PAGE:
Amnesty International calls for work on Lesotho dam to be stopped

Human rights organisation Amnesty International has called for a halt to the Polihali Dam project in Lesotho, an enclaved country within South Africa.

The project, which will supply water from Lesotho’s Orange River to South Africa, will require almost 8,000 people to be displaced. Amnesty International says some of those forced to move have been given compensation equal to a little over $1.

A quote on the Lesotho Highlands Development Authority’s website says: "All reasonable measures to ensure that the implementation, operation and maintenance of the project are compatible with the protection and the existing quality of the environment and, in particular, shall pay due regard to the maintenance of the welfare of the persons and communities immediately affected by the project."

Deprose Muchena, Amnesty International’s director for east and southern Africa, said: "As the construction of the Polihali Dam begins with work on the road that leads to the site, people are already being moved out of their homes for resettlement. Others face losing grazing land for their animals, or the loss of wild fruits and medicinal plants from which they earn a living.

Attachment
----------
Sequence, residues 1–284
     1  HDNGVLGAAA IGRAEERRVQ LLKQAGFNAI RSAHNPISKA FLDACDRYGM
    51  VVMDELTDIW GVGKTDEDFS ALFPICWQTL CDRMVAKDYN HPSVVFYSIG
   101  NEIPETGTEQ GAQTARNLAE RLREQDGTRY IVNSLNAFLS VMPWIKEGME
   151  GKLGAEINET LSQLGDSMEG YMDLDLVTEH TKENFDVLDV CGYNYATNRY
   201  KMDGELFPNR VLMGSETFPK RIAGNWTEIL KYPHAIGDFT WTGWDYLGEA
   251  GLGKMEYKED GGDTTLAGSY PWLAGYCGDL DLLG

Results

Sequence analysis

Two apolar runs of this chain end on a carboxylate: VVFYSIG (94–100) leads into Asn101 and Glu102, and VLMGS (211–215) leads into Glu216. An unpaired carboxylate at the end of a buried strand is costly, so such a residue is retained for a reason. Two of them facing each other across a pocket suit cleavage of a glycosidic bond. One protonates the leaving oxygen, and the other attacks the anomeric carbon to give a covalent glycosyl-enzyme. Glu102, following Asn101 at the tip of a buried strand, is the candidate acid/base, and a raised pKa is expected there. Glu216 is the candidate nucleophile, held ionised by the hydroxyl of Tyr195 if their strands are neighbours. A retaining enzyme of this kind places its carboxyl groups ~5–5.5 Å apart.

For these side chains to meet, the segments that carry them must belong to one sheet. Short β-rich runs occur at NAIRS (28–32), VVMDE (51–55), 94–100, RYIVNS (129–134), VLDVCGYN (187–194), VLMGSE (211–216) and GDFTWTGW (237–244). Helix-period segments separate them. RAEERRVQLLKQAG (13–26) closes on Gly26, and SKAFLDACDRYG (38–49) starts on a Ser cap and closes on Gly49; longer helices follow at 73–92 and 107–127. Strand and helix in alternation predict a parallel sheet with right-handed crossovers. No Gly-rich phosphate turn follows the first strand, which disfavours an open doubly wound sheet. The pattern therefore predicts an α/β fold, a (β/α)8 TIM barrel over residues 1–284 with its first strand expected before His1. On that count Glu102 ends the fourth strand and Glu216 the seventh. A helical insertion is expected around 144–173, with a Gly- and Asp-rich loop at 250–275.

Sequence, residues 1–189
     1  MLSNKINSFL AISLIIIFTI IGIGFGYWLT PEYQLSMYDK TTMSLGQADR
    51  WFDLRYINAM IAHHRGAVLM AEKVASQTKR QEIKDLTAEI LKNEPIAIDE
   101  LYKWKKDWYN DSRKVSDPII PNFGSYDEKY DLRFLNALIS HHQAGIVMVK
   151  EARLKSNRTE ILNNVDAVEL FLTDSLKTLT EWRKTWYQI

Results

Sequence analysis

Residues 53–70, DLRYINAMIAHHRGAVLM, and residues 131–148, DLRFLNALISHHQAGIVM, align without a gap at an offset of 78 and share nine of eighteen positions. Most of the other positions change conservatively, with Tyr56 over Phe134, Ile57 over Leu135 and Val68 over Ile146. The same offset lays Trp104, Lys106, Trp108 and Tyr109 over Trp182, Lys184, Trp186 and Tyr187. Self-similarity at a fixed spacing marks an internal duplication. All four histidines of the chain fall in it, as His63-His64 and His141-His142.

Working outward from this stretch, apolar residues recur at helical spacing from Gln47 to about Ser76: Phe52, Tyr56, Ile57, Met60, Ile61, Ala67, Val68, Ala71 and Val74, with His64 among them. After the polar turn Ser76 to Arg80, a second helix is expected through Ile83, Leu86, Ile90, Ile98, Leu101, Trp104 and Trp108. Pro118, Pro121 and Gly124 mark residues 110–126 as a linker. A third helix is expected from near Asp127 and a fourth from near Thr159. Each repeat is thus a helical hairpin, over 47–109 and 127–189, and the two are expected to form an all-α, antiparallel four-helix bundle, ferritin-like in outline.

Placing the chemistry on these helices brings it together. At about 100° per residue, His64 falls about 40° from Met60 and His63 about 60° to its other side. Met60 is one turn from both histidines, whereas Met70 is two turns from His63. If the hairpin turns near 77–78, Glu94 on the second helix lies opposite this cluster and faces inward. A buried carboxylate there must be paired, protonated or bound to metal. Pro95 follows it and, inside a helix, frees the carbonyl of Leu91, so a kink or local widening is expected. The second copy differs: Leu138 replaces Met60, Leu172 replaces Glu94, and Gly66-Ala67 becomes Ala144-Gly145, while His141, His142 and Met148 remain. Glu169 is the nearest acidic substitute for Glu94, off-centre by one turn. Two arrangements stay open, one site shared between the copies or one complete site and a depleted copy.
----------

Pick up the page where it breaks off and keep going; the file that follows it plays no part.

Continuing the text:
"The Lesotho authorities must immediately halt all the work on Polihali Dam until it complies with international human rights standards on evictions. There must be genuine consultations with the affected communities, and compensation for any losses."

The first phase of the dam construction was competed in 2003. Construction is shortly to get under way on phase two.

Image courtesy of Amnesty International

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